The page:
A few months into the covid-19 pandemic, when social distancing ordinances and lockdowns became commonplace, I noticed that a lot of people were online shopping. OK, fine, no shit Sherlock, what an observation, but it really did feel like those of us who managed to maintain gainful employment during the disaster that was 2020 were buying a lot of unnecessary product, well beyond Clorox wipes and toilet paper, for some inconceivable reason—we were purchasing fire fits only the cashier at the grocery store would ever get to see, clothing we refused to remove our sweat pants to try on; we thrifted nonessential items online knowing full well that an essential worker had to deliver to it, potentially endangering himself like he does all day for, ideally, more responsible shoppers. (That last one is all me.) And then, after a while, the desire to buy a bunch of worthless junk subsided—quarantined existence leveled out, for better or worse, and time was filled with baking bread or binge-watching TV. And yet, my dear friends, 10 months after retreating into my apartment, I feel the capitalist pang of desire filling my soul once again. I scour the internet for things I don’t need until I want them, and then I fight the urge to buy them. This time, I’m concerned I’m no match for the consumerist culture I was born into. Basically, what I’m trying to say is that I really want a luxury lunchbox.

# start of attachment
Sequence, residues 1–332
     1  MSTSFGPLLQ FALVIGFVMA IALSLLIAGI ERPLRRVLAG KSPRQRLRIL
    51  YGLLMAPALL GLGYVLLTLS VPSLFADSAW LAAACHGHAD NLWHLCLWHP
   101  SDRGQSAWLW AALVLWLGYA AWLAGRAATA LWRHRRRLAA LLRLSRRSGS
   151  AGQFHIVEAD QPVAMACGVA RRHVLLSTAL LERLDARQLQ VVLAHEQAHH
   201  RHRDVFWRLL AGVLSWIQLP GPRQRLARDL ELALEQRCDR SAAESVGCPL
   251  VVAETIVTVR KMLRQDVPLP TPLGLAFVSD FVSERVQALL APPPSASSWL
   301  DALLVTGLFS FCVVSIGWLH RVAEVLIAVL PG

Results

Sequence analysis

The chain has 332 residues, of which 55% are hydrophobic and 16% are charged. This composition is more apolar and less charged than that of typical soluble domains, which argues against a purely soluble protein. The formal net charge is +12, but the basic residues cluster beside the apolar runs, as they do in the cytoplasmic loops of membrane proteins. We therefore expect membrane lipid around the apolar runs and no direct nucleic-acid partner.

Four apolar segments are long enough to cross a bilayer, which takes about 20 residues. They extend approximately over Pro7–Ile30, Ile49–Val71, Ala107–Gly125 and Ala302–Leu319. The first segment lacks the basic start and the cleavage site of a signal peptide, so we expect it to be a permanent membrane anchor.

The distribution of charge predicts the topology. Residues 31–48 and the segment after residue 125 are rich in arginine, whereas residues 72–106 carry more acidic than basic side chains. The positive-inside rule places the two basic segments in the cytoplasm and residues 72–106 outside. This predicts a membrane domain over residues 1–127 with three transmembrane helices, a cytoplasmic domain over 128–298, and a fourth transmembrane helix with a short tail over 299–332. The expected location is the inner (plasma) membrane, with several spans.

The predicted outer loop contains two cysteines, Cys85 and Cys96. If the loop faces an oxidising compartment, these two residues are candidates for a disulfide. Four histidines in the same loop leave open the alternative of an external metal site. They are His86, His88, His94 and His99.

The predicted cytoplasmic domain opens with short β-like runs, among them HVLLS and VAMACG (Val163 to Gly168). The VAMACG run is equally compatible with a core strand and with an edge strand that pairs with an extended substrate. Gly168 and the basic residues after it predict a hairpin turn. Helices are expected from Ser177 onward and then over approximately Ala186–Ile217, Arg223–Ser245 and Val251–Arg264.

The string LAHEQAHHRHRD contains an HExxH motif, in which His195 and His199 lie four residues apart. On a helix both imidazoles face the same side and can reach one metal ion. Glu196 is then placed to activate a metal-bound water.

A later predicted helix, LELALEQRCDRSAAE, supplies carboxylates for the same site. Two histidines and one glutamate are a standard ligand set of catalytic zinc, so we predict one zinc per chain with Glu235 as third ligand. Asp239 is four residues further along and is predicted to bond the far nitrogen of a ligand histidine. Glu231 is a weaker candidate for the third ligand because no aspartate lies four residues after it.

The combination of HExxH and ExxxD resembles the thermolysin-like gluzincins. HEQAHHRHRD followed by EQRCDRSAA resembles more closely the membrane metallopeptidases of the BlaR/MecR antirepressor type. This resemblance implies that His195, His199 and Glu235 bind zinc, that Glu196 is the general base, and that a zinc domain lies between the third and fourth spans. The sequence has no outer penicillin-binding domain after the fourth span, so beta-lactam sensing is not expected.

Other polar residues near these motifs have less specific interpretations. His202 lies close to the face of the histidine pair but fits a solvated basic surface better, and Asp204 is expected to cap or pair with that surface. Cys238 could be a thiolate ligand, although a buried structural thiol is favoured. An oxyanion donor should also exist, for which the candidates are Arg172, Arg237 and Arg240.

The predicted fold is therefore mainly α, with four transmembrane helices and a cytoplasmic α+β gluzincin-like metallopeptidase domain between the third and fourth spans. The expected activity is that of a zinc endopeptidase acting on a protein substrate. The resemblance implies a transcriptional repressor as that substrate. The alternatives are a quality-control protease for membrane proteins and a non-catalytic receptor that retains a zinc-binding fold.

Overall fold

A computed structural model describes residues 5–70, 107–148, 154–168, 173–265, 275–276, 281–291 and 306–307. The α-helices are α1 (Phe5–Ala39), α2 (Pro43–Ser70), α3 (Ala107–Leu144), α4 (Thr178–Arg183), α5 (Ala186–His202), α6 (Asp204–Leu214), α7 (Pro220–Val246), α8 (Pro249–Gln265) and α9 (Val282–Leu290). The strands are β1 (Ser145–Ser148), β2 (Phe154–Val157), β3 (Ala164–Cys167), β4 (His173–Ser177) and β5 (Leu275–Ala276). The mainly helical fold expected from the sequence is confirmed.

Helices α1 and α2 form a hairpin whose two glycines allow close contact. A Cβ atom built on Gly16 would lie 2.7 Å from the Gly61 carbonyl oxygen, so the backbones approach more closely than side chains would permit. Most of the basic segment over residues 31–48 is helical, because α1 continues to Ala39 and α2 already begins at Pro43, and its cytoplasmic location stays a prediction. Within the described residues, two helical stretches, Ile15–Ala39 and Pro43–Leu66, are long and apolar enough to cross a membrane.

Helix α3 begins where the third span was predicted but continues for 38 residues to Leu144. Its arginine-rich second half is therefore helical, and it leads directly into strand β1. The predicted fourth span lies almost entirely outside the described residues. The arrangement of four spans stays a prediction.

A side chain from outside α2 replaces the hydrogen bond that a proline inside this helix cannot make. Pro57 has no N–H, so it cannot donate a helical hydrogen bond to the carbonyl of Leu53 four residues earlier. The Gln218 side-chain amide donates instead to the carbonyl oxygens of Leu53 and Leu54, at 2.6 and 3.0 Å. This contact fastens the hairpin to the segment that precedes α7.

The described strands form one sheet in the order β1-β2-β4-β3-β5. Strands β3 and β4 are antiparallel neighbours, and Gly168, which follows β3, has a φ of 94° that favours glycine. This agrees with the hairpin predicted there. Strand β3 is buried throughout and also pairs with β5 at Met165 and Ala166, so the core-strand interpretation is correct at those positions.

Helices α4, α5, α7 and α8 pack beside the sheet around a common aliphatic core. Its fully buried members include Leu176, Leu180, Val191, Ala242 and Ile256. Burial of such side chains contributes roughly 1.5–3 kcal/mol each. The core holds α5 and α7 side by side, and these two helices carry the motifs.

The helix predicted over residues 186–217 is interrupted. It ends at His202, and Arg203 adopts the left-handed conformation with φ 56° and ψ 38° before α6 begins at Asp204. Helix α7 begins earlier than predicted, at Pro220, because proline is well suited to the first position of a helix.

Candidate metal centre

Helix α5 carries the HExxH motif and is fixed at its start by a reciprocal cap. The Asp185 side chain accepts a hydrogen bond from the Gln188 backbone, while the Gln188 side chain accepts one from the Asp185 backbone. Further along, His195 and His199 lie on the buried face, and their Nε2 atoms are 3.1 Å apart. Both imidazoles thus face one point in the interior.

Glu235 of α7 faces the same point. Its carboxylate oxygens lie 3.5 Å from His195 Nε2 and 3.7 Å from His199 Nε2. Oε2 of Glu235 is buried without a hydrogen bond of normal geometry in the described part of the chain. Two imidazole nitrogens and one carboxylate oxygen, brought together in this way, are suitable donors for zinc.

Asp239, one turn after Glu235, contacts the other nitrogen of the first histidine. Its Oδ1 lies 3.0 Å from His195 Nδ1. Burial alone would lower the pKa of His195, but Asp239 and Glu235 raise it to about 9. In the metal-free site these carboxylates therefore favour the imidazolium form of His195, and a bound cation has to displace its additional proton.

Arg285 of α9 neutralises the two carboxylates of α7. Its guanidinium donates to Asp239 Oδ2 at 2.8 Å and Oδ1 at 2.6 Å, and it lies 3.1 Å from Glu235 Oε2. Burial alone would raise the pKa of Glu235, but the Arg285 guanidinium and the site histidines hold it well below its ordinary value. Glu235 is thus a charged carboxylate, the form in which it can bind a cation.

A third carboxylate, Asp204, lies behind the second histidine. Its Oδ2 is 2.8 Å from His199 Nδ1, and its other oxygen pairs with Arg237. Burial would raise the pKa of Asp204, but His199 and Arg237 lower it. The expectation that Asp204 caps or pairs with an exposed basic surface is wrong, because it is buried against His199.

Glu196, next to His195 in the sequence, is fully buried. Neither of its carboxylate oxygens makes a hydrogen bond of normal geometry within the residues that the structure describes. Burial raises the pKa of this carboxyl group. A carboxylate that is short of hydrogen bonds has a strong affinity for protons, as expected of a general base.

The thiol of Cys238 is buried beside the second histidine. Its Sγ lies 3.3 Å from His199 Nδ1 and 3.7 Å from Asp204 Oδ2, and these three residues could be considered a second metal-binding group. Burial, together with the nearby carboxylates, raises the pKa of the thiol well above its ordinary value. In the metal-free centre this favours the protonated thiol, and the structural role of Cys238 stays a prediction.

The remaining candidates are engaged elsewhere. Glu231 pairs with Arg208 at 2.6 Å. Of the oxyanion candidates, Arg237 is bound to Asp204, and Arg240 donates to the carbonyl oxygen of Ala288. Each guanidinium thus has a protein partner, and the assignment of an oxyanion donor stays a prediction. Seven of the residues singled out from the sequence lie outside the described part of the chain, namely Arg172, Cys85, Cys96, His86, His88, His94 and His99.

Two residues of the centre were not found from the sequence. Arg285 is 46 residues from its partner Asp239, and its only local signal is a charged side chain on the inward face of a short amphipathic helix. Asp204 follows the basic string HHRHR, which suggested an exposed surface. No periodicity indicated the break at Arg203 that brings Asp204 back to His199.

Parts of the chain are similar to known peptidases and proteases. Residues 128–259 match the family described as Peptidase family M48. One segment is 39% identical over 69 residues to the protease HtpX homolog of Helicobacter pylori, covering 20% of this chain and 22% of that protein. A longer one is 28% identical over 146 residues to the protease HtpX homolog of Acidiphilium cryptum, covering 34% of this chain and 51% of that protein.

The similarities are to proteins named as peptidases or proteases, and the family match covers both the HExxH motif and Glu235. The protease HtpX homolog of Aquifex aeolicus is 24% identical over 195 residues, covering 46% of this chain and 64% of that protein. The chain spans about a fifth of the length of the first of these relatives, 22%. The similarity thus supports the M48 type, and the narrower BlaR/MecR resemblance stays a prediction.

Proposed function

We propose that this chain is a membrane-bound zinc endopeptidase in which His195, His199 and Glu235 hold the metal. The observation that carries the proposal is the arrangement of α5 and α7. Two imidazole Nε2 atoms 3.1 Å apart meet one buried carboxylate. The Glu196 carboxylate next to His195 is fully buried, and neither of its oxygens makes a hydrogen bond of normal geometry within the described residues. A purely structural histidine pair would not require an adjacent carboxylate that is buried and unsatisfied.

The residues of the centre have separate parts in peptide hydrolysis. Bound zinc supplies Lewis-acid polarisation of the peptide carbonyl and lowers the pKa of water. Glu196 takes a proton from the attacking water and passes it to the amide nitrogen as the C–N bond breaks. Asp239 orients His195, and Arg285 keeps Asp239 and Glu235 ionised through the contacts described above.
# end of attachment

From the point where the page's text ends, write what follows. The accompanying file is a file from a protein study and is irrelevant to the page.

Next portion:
I don’t know exactly how I stumbled up the Modern Picnic monstrosity you see before you, but I know I can’t stop thinking about it. For just $149.00, I can be the proud owner of a “Black Faux Crocodile... modern reinvention of the traditional lunchbox made of a premium vegan leather exterior with an insulated interior in a chic and classic silhouette.” It is glorious, I can eat out of it, and I think it might be a solid investment—save for the fact that I no longer have an office to commute into, and therefore have no real need for a lunchbox. Even the picnic the brand name suggests feels far removed from reality: what, I’m going to go on a picnic alone? Do I need to buy two of these suckers to dine—at a safe distance—with a friend? I’m most certainly not going to do that. And let it be known that the only items I can justify spending over $100 on are plane tickets, health care, and 40-year anniversary box sets from beloved German cold wave bands. The lunchbox does not fit in any of those categories. And yet, I love the damn lunchbox.
So, should I take the plunge? Should I buy this lunchbox, or should I recognize my impulsivity for what it is: the pandemic slowly smoothing out my brain, inspiring me to make dumb decisions?